the best selling Mary Kay, “the success story of America’s most dynamic businesswoman,”
published by Harper & Row in 1981, Mary Kay tells of her life. In the company literature, this
simple story is told and retold, and the lesson of self-discipline is underscored (Exhibit 5). Mary
Kay Ash received the Horatio Alger Award from Dr. Norman Vincent Peale in 1978, and the
company refers to Mrs. Ash’s story as “a Horatio Alger Story.”


The lifeblood of the Mary Kay organization is the beauty consultant and director force who have
generated Mary Kay’s phenomenal sales and following. In dependent beauty consultants, who
buy their own sample case and products, are organized into sales units led by a sales director.
Mary Kay Ash believes the cash system has assured the health of the company. “At Mary Kay,
our consultants and directors pay in advance for their merchandise with a cashier’s check or
money order—no personal checks.”

       It’s impossible for a Consultant to run up a debt with the company. Therefore, we
       have few accounts receivable. We don’t have the expense of collecting bad debts,
       and we pass the savings on in the form of higher commissions. This way,
       everyone benefits. Most financial people just marvel at it—it’s unheard of for a
       company of our size.1

Richard Rogers sums up the distribution plan this way: “Each Mary Kay consultant is an
independent contractor. They are not employees of the company. Mary Kay serves as a
wholesale house—freight in, freight out. The consultant buys directly from the company at
wholesale prices and sells at retail prices. The difference is her profit.”
           Mary Kay Ash, Mary Kay (New York: Harper & Row, 1981), p. 29.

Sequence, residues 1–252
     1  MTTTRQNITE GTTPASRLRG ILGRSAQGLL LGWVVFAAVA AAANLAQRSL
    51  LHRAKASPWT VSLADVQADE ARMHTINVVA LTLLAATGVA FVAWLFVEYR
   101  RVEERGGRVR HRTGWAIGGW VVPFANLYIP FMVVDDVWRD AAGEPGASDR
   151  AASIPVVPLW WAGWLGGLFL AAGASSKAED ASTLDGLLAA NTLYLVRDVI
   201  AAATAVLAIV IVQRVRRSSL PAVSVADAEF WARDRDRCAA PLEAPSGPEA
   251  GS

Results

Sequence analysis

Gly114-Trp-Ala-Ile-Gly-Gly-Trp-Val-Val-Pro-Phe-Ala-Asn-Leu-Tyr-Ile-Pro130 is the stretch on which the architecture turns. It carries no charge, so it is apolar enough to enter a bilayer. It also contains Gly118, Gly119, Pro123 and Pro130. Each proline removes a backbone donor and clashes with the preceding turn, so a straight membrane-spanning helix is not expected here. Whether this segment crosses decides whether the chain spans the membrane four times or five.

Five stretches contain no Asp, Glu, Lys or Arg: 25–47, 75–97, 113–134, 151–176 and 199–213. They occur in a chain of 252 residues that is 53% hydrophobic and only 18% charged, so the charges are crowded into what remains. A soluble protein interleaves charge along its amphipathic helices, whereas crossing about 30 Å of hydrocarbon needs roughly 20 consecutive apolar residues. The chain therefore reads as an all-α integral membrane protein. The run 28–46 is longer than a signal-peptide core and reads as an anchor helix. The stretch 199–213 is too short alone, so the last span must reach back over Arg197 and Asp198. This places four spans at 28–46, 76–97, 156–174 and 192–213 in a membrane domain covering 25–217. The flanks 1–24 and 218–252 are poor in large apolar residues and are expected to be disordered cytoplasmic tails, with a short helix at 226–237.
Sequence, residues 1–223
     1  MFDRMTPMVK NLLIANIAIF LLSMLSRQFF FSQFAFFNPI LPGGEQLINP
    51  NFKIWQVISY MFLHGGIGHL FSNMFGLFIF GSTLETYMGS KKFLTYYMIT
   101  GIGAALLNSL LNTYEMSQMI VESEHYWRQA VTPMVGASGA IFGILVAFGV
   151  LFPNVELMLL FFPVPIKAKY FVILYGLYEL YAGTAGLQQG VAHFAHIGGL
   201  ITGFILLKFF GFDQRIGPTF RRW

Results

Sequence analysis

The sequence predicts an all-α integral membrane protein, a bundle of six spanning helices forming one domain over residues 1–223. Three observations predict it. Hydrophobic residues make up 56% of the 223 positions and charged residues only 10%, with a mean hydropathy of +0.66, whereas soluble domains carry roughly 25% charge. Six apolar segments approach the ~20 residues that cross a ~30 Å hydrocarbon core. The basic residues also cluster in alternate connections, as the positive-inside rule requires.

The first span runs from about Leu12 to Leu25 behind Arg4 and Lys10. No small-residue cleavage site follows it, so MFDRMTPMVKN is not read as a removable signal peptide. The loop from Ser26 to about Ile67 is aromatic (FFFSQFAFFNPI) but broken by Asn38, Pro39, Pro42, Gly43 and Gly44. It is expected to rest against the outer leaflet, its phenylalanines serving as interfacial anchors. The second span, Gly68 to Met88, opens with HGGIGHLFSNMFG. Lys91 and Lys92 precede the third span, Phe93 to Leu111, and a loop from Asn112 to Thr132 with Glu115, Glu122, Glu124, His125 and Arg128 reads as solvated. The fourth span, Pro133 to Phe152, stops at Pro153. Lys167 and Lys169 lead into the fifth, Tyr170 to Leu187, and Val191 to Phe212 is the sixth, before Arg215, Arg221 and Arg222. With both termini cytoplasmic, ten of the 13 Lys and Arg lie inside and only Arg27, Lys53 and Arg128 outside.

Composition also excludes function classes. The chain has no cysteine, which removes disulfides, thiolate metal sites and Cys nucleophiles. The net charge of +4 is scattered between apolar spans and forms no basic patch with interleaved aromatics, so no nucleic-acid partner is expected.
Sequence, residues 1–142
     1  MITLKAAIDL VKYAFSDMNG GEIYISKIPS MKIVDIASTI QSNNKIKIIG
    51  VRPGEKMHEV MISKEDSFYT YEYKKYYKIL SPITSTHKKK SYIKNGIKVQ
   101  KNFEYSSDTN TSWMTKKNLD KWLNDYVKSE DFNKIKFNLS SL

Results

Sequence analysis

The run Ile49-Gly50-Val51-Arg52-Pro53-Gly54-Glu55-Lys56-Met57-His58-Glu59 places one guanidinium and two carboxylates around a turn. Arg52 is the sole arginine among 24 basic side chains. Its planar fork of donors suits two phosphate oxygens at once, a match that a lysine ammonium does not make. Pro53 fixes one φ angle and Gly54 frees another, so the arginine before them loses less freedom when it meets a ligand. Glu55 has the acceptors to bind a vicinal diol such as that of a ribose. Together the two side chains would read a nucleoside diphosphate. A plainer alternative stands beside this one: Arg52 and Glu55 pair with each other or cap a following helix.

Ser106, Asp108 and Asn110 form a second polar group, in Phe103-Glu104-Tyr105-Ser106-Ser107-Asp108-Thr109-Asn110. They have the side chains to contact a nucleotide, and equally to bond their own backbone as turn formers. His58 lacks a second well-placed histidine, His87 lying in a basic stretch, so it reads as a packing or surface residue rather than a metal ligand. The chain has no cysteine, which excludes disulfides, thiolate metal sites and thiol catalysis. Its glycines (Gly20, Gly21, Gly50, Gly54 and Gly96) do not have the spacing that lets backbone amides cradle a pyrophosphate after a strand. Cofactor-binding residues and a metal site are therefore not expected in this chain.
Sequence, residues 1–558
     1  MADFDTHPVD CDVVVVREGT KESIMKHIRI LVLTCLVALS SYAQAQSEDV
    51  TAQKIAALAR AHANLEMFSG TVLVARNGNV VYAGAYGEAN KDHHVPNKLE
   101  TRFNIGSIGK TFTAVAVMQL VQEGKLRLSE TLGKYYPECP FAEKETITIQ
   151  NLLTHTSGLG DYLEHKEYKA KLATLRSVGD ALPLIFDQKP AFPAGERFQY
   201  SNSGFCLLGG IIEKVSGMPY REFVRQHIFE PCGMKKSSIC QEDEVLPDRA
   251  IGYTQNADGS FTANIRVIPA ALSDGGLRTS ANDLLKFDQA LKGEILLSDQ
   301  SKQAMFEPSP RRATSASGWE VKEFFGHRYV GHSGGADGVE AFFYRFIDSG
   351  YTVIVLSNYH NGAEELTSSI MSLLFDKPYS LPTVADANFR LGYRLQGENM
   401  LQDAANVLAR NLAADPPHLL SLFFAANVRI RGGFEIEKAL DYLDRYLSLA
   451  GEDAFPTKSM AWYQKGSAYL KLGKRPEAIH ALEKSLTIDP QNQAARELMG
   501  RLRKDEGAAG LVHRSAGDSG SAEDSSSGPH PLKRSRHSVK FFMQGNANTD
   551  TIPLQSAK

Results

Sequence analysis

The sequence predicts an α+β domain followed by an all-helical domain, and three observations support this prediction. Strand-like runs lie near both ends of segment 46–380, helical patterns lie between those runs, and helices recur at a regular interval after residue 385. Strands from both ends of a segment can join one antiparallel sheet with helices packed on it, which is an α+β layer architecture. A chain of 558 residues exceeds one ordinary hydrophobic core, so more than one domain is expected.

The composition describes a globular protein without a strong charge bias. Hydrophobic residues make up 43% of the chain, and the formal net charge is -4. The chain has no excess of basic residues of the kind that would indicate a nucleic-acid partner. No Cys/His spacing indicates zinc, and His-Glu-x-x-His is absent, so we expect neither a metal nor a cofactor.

Exhibit 5



From a small Texas town to national prominence was not an easy journey. Mary
Kay’s success can largely be attributed to the discipline and independence she
learned in her childhood.

The youngest of four children, she was born in the small town of Hot Wells,
Texas, where her parents owned a hotel. When her father’s health deteriorated
and he became an invalid, the family moved to Houston so Mary Kay’s mother
could find work.

White her mother worked 14-hour days managing a restaurant, seven-year-old
Mary Kay stayed home cleaning, cooking, and caring for her father.

Throughout those early years, Mary Kay’s mother strongly influenced her
daughter by encouraging her to excel in everything she did and told her over and
over again, “You can do it.” Whether in school or at home, Mary Kay wanted to
be the best. Another lasting influence on her life has been her Christian faith.
Her sincere convictions enabled her to express her love and affection toward those
around her, and her faith has also been the cornerstone of her business success.
Her basic philosophies are “God first, family second, career third,” and the
Golden Rule.


After finishing high school, Mary Kay married and had three children. Her
husband was soon called away for World War II active duty, leaving Mary Kay
with mounting financial problems. She worked as a secretary at a Baptist Church